Boundaries of country:-
From Kowombut down the river Indi to Tom Groggin thence to Wheeler's and Cudgewa and as far down the Murray to Walarigary River — above Albury thence to Tumberumba — Adelong — Kilmore Creek to Tumut. Thence down the Tumut to Gundagai — to Goloot – to Cullingbong and to Lambing Flat- thence to Yass – to [Qeen- crossed out] Queenbeyan [sic] – to Micalago – Cooma – Kiandra – Lob Hole – Thelbingŭng Mountain – thence across to Kowombut.
Contents Boundaries front page 3 - Classes + totems 1- 3 Marriage of class + totem + descent 1.5 1A division of food - Places in Camp 2 - Fights 2 Cannibalism 2 Burial 3A Personal property 2A - Right to hunting grounds 2A Initiation 3 White men = ghosts 3 Dreams 3 Language 4 Murray Jack's father +c 5 [Marriage 5 - crossed out] Elopement 5 The child 6 Hair of the dead 6 Aurora 6 Kuringal described 7. 8. 9. Jiringal language 10.
[written in left side margin] ? Nebrak see to this
Maneroo Blacks are divided as follows
Hawk Crow Malian ?Yibai=Ipai oombe ?= Kŭmb Bandar Kangaroo Megindang Wombat Nooron Emu Nutjare Nutjun Rat Bat? Ebi (malian) Hawk Werralang Brown snake Maree Dog Birringal Star (Venus) Woothering [Squirrel Warralang Brown Snake Bandar Kangaroo Maniyook Bandicoot Balil Balil Lyre Bird Wandale Porcupine I find that though they have only two grand divisions, yet they place some importance upon the subdivisions. For instance a Bandar or Kangaroo would marry a woman who was a Wombat and others would take wives according [torn] list above. I was not aware of this before but I had not made much enquiry. I found the Murray Blacks were divided according to your list but thought the mere fact of a woman being a Kilparra was sufficient to allow them to marry, but now I find that certain animals go in pairs. The Kangaroo goes with the Wombat the Emu with the Rat + the Hawk with the Snake + so on. I find also that the children have the same totem as their mother. I think that may be taken as a rule among all the Aborigines on the other side the dividing range [sic]. The Gippsland Blacks seem to have no regular division. They tell me the men are Yarang and the women Djetgang, does it not seem
[written at top of page over Maneroo Blacks] Wolgal
strange that the Blacks this side this range should have no such custom I will try to enquire into it perhaps our friend McDougall can help in the matter 2 I find the food is divided among the Maneroo Blacks. Just as you describe, they seem to make no distinction as to the kind of animal as to distribution. I find it was a rule when a married man caught a Kangaroo or other large game that he would send the whole to his Father's camp and would himself eat smaller game, but if he had no other meat his parent would send him the head + part of back bone. The wife would have to rely upon her relations for a share of their meat or perhaps the share which she was legally entitled to. The Blacks appear to always to have encouraged making presents to shew their love to their relations they did not indulge in kissing + fondling but shewed it in a more substantial way.
It was always a custom for a man to keep his Guiaban (mother in law) well supplied with meat. This is + was called Nebrak. This would consist of the best parts of the game but if possible it would be wombat flesh as that is considered + is in fact the best meat. I have seen the whole of the right side of a wombat sent to Billy the Bull's mother from her Guiaban. I may state that as a rule the husband employs his wife to take the meat to the different camps it is mostly thrown down near the fire. I never saw a Black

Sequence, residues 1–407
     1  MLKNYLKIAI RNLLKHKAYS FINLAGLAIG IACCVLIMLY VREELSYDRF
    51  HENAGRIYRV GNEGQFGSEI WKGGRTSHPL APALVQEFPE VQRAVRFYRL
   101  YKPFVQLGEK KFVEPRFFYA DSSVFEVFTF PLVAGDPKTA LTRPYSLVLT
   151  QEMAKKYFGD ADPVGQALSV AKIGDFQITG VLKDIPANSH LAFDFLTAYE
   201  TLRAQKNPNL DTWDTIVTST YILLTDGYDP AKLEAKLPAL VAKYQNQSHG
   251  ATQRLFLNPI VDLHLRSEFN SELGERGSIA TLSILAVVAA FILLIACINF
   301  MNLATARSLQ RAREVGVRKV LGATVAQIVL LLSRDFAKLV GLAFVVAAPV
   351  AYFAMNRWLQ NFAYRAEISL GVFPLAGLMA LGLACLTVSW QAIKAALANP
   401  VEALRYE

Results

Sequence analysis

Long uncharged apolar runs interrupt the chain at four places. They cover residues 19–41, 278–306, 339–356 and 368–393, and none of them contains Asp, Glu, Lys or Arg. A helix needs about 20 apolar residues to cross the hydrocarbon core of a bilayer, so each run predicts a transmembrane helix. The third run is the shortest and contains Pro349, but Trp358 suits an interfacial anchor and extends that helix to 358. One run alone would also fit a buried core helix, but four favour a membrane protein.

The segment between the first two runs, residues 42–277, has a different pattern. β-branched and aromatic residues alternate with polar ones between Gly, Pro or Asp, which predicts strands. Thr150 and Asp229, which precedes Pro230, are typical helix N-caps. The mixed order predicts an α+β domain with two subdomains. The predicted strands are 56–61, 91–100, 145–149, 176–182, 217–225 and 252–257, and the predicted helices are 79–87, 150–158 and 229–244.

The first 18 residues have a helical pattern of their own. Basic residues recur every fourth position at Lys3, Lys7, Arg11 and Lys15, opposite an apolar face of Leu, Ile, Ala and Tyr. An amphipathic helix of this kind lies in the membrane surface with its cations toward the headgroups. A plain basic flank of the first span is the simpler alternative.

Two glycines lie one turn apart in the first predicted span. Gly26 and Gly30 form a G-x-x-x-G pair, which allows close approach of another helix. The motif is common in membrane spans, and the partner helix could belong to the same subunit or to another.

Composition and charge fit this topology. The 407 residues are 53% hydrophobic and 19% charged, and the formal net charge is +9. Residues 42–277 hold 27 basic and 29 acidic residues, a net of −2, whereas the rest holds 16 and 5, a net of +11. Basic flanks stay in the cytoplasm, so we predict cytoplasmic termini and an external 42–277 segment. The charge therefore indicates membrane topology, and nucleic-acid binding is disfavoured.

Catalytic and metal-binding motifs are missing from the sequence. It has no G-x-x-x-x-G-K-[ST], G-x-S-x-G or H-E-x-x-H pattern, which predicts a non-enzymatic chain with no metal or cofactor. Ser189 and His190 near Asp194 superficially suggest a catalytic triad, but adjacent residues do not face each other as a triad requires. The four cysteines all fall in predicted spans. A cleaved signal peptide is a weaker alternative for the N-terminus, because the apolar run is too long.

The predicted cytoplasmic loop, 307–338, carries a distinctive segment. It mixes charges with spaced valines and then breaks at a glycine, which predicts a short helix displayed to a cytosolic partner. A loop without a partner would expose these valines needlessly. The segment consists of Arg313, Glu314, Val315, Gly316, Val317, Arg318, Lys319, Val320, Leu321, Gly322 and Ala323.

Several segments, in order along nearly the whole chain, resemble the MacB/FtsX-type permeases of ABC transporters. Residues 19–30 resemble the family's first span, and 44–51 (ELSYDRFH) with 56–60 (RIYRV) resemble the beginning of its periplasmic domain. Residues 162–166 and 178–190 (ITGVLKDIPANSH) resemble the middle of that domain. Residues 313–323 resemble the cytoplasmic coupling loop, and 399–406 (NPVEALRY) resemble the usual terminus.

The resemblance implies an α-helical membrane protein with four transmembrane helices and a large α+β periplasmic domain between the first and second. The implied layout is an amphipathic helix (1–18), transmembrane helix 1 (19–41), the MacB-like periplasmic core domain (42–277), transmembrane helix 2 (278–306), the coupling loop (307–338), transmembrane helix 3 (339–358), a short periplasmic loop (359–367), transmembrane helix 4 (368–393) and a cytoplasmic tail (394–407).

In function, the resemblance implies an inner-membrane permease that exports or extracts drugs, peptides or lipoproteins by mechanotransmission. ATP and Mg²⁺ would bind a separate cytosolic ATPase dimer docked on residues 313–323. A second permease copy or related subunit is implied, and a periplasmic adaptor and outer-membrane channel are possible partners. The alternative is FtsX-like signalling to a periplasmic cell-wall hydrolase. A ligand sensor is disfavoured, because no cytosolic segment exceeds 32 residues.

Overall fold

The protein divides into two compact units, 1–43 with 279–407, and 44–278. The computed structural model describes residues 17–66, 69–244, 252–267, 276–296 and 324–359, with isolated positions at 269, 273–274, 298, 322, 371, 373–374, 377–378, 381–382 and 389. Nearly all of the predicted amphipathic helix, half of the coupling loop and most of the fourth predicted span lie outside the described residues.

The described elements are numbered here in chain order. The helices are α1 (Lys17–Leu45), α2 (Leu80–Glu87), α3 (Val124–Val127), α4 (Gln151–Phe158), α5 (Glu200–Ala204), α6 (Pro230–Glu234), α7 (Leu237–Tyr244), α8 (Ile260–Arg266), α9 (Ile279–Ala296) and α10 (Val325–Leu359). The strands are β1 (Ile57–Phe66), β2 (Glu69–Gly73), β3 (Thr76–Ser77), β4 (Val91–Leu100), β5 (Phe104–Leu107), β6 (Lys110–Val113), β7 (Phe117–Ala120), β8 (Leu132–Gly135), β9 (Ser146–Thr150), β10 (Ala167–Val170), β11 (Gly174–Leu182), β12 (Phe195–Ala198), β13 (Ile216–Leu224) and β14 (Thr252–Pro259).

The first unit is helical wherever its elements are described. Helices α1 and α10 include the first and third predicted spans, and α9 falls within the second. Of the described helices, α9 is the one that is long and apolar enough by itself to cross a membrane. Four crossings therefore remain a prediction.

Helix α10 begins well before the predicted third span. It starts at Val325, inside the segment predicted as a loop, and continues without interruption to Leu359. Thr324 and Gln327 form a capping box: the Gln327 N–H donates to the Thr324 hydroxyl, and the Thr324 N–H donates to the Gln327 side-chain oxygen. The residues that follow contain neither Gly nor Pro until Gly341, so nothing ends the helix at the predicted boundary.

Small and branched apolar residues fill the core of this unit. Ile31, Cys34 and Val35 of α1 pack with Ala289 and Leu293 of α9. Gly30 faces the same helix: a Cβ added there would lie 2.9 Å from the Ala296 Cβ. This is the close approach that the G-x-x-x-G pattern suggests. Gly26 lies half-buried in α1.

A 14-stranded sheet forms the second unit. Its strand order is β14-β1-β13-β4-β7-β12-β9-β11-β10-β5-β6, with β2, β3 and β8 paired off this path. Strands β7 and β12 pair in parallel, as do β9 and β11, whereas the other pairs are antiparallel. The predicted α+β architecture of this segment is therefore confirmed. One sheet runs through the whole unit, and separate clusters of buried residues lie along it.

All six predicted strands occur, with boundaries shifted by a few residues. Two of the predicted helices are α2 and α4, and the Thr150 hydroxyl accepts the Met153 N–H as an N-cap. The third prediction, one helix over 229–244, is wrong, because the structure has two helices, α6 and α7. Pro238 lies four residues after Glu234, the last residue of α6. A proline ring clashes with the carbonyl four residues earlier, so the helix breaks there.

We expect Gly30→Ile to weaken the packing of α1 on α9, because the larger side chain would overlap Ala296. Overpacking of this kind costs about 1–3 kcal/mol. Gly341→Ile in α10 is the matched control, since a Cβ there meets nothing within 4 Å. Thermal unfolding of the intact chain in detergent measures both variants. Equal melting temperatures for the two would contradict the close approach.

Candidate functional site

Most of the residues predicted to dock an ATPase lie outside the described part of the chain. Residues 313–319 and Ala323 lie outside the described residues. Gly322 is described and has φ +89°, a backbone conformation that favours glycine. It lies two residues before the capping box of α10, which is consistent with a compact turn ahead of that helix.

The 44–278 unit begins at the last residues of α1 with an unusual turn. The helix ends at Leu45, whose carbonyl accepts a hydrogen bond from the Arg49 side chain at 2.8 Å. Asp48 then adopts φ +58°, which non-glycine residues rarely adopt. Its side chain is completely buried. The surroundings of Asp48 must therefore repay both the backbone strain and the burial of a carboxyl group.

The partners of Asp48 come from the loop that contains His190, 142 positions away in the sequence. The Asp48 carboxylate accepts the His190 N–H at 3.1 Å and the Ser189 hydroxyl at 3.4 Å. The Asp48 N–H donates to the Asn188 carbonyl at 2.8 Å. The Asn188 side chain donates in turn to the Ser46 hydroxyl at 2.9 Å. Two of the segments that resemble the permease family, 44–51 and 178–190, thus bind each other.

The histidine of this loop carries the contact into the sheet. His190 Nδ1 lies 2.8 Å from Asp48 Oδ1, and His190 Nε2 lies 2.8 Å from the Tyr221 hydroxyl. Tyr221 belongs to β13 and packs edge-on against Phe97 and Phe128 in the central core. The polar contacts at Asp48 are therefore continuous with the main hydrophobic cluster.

take food from the hand they seem to have an objection to take anything direct from the hand. 3 I have enquired about positions occupied in camp and find that you have been correctly informed to the custom in this respect of Maneroo Blacks The grandparents would occupy places as follows Paternal grandparents Father left hand side fire Mother right The Maternal grandparents would in no case occupy a place in son in law's camp but would make a camp for themselves behind them son in laws camp In young man's camp a Father would never stay except he was travelling Brawey (single) or without his wife then he would stay with the young men but in the general camp married people stay by themselves + young men do the same. 4 When the tribe went to war they had no regular leader. Then fights generally commenced with a duel + when one or the other was beat the fight would become general. As to directing warlike operations there is no doubt the old men would have to do that, but an actual fight there would be no direction as the combatants would be in no state to be controlled. 5 They did not eat the slain in battle they were left to be buried by their friends , but they eat parts of the victims whom they murdered The parts eaten were the skin, the hands + fat. This was accompanied with expressions of contempt for the person murdered. I think the persons whom they murdered were then real enemies. The persons with whom they
engaged in open warfare were then friends with whom they had a quarrel hence the reason why they did not eat their bodies. I always found among the Murray tribes that they had a great horror of those enemies who prowled about, they called them Thiu,an,malkiu (one who spread a net for the feet) and Koorinya, nat, ola (one who seizes by the throat) these were then real enemies and when they caught them they blotted them out by eating part of their bodies 6 The personal property of the dead was buried with them. Spears nets +c being included they would even break up their canoes. They were very particular to have nothing of their dead friends in sight. 7 It can hardly be said they had any right to exclusive possession of land, though a man claimed the part where he was born and always had the right to hunt over that land yet others might have a similar right from the same cause.